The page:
For many Muslims, a visual image made by a human hand was something completely abstract and unknown. A picture was simply a category of evil like the devil himself. It was irreligious, an innovation, to be shunned and avoided. Culture formed around the spoken word, which translated the glories of nature not into an image but into poetry. The world of Islam did not share the iconic awareness common throughout the West, where images were part of the culture that developed in every European nation. Even those ascetic Protestants who defaced sculptures in churches, and ground the images of saints, martyrs, and the holy Virgin underfoot, usually accepted pictures in the secular domain. At the very least, they knew what images were. The situation in the Muslim East was quite different. Brinkley Messick has coined the redolent phrase “the calligraphic state” to describe a society (in Yemen) that existed without images and was ruled by the written word.38 His concept was founded on the power and importance of script in the Arabic tradition. But the written word in that tradition was itself but a shadow of the spoken word. The human voice was more potent than any form of writing, extended as it was by body language, vocal tone and inflection, and even by an audience’s energizing presence.39 The essence of Islam was a recitation (qur’an), carried over into a book (kitab). And that book might not even be a physical text, but a book that existed only in the mind.40 Texts written in Arabic were suffused with something of this divine book, but even a sacralized script could only imperfectly express its ineffable oral grandeur.
Printed images had no public place in this world. They were at most for private enjoyment by the sophisticated few. Esin Atil has described the evolution of the imperial studio (nakkashane) that produced illustrated books.41 In this studio some artists specialized in calligraphy, especially in the elaborate imperial signatures, or tughra. The portrait painters, because of their skill in depicting the human form, were an essential but more marginal and exclusive group within the studio and among its freelance workers. There were many artists working privately in the capital, but few who declared themselves as painters of portraits, in part certainly because of the opprobrium this activity might attract. What was appropriate for the sultan was more risky for the individual artist or collector. Some sultans from Mehmed the Conqueror onward both commissioned books full of images and amassed other illustrated books from a variety of sources. They were all stored with other treasures for the private use of the sultan in the Inner Treasury of the Topkapi Palace.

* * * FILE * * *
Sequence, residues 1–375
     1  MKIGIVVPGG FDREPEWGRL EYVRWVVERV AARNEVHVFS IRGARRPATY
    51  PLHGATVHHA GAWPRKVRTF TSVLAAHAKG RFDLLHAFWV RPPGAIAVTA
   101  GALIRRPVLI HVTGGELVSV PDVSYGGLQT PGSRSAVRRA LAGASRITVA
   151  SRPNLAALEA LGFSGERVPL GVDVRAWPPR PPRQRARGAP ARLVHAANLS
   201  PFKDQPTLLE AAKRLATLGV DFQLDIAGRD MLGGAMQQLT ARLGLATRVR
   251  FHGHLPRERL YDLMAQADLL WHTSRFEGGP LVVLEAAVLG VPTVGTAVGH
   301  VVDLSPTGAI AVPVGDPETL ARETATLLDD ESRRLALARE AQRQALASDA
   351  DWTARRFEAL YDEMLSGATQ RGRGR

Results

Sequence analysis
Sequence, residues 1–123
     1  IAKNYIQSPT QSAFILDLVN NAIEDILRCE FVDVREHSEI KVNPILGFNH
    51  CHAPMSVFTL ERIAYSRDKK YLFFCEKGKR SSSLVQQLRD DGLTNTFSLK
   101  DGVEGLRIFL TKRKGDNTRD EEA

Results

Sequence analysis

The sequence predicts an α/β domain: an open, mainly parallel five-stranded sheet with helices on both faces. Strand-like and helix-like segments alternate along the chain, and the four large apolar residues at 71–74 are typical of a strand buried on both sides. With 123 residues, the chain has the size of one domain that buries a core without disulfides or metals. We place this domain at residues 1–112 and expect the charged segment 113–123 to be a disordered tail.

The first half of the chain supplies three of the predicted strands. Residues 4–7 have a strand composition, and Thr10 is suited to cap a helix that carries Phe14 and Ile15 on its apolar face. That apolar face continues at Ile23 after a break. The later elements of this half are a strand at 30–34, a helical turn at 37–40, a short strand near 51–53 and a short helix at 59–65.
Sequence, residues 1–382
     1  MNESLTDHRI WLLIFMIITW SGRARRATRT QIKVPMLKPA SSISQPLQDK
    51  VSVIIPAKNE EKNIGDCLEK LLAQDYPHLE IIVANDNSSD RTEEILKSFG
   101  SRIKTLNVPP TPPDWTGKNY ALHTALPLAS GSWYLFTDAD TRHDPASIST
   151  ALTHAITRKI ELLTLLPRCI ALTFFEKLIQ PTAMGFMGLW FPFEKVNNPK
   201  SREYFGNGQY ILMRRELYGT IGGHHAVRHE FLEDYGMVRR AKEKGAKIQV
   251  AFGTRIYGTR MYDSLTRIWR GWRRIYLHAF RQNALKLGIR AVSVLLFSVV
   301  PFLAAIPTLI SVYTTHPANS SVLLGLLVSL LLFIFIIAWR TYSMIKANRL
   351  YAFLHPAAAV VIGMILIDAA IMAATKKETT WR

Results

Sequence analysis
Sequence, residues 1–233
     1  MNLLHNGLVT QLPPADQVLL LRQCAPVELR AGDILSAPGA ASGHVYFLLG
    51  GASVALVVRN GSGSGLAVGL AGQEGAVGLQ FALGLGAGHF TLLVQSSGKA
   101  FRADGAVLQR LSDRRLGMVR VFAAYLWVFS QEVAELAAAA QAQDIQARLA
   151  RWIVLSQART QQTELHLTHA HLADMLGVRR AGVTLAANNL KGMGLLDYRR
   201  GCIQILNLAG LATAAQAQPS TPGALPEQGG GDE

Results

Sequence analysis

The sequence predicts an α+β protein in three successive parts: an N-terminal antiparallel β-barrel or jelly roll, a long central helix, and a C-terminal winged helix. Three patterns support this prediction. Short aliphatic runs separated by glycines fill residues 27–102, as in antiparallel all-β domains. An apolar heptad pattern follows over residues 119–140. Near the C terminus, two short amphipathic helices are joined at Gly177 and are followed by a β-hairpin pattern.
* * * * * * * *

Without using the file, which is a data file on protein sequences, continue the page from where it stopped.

The production of these works in the sixteenth century, notably the histories, was an act of state, dramatizing the course of Ottoman history and the successes of Ottoman arms under the sultans. They therefore depicted both Muslims and non-Muslims, but there appears much less of the hostility that dominates many Western images of the infidel. In, for example, Lokman’s Hunername, the Westerners are shown as ordinary human figures. On one page they appear very bored, some playing dice, a few firing their cannon at the Ottoman armies, and one man (improbably) asleep against an artillery piece. None of them are especially vicious images.42 This does not, of course, say anything about popular attitudes, since these images would be seen only by the privileged few.43 But such a presentation in a state document was obviously both appropriate and acceptable to the imperial patron. The Westerners might be ritually reviled in word or in writing, but they were depicted merely as objects of curiosity.
Magnificently decorated Qur’ans are common but it is impossible to conceive of a Qur’an with images in the way that there were numerous pictorial Bibles.44 Images with a human face or an animal form played, at most, a marginal part in the formation of Muslim culture. To the majority of Muslims, beyond the small groups of urban sophisticates, images were incomprehensible. The closest I can come to understanding this experience is the situation described by the writer Albert Manguel in his enticing book A History of Reading. Manguel relates how in 1978 he was working for a publisher in Milan. One day a package arrived.